Staff considerations for a dispute resolution scheme

Policies and processes are needed to manage the risks and responsibilities for staff delivering a dispute resolution scheme and provide appropriate support for them.

Conflict of interest

All scheme staff are, and should be seen to be, neutral, and not to have vested interests. Clear conflicts of interest policies, procedures and practices need to be put in place to identify and manage real and perceived conflicts.

Conflict of interest requirements under other legislation may also apply to the scheme. For example the Crown Entities Act 2004 has conflict of interest disclosure rules(external link) for members, and the State Sector Act 1988 has conflict of interest requirements for the delegation of functions or powers(external link) by chief executives.


It is standard practice to limit the civil legal liability of dispute resolution practitioners in government schemes. This limits the ability of disaffected parties to take legal action against them. Lawyers and other third parties involved in the process will have different immunity and liability rules.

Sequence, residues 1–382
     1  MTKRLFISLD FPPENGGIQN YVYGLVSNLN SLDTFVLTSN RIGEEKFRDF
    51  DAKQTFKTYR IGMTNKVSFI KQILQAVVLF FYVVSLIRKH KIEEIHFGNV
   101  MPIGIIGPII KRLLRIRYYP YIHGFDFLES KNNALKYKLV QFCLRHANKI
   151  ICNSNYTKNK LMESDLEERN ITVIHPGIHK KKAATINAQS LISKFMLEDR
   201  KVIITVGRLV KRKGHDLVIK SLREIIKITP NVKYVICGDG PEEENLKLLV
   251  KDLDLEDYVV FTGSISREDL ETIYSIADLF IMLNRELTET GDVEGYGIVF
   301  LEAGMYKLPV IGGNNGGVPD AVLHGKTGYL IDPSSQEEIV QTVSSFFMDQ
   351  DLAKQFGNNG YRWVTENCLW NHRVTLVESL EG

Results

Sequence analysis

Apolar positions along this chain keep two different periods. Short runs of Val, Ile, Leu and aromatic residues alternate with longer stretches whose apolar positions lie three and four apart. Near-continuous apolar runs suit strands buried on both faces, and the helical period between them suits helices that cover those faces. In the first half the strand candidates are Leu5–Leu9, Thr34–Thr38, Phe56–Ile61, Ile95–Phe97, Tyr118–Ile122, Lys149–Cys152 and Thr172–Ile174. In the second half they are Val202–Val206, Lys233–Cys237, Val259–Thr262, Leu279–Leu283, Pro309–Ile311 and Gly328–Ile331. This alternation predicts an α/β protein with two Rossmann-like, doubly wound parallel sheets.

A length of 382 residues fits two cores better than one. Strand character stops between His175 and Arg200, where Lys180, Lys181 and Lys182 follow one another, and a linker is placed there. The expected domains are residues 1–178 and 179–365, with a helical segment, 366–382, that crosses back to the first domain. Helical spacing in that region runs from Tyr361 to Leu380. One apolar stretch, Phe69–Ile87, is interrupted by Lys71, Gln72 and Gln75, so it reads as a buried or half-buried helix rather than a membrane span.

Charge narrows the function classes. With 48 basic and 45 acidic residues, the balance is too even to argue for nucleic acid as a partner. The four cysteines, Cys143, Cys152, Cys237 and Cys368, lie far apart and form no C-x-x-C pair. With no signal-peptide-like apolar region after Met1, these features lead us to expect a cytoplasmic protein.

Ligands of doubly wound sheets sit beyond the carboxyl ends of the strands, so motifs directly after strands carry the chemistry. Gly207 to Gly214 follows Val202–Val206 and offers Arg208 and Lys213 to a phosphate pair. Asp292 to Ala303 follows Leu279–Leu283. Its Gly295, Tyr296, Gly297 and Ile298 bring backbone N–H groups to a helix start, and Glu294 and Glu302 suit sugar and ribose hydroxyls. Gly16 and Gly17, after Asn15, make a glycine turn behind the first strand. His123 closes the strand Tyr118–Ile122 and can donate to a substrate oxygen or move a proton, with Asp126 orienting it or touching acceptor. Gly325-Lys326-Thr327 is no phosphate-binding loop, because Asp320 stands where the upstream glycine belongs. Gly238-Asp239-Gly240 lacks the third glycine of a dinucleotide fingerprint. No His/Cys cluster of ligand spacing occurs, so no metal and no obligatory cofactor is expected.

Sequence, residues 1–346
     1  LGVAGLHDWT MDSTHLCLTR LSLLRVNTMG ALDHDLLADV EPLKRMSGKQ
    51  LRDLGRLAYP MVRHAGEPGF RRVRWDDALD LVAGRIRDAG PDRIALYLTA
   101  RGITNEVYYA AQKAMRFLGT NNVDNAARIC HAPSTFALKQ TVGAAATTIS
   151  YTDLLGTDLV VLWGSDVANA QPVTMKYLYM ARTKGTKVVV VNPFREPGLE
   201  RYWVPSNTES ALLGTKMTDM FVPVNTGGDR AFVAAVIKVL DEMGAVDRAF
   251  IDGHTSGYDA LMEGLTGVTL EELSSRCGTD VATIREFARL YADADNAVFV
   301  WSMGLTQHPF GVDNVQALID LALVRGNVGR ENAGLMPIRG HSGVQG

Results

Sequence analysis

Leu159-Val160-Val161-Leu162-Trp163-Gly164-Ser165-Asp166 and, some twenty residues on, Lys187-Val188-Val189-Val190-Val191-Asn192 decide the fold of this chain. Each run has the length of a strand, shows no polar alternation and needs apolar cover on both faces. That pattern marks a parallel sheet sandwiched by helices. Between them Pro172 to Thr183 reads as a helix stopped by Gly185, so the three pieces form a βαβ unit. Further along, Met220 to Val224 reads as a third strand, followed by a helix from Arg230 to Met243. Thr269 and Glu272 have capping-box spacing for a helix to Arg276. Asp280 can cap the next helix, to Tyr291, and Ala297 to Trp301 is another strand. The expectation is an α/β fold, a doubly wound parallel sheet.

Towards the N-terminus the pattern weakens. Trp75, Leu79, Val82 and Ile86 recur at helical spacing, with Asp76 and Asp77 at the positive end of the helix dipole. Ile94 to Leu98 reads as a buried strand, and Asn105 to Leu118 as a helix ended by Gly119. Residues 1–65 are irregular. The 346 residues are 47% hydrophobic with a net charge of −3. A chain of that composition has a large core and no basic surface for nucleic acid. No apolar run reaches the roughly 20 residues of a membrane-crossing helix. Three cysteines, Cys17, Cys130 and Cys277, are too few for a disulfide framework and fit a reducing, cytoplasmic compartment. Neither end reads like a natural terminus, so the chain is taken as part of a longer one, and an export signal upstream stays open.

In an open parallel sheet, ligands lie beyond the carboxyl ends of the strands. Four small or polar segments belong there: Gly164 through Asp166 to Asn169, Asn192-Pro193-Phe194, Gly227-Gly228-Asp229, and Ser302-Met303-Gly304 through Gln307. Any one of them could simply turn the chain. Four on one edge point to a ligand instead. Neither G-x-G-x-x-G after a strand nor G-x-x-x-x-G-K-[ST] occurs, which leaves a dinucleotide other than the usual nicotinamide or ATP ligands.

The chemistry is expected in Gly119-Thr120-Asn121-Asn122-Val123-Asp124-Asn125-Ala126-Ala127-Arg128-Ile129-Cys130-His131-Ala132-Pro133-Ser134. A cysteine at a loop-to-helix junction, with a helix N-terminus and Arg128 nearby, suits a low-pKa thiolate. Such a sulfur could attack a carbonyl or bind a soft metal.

You should talk to your legal advisors, the State Services Commission and, where legislation may be required, the Parliamentary Counsel Office (PCO) about how this is best achieved in your circumstances.

Staff professionalism

All staff involved in the delivery of the scheme (including employees, contractors, and dispute resolution practitioners) must have the necessary skills, qualifications and experience to perform their roles.

For dispute resolution practitioners, this means they have completed formal training and are accredited by a professional membership association.

Staff must also be able to deal appropriately with all users and be trained to manage unreasonable conduct.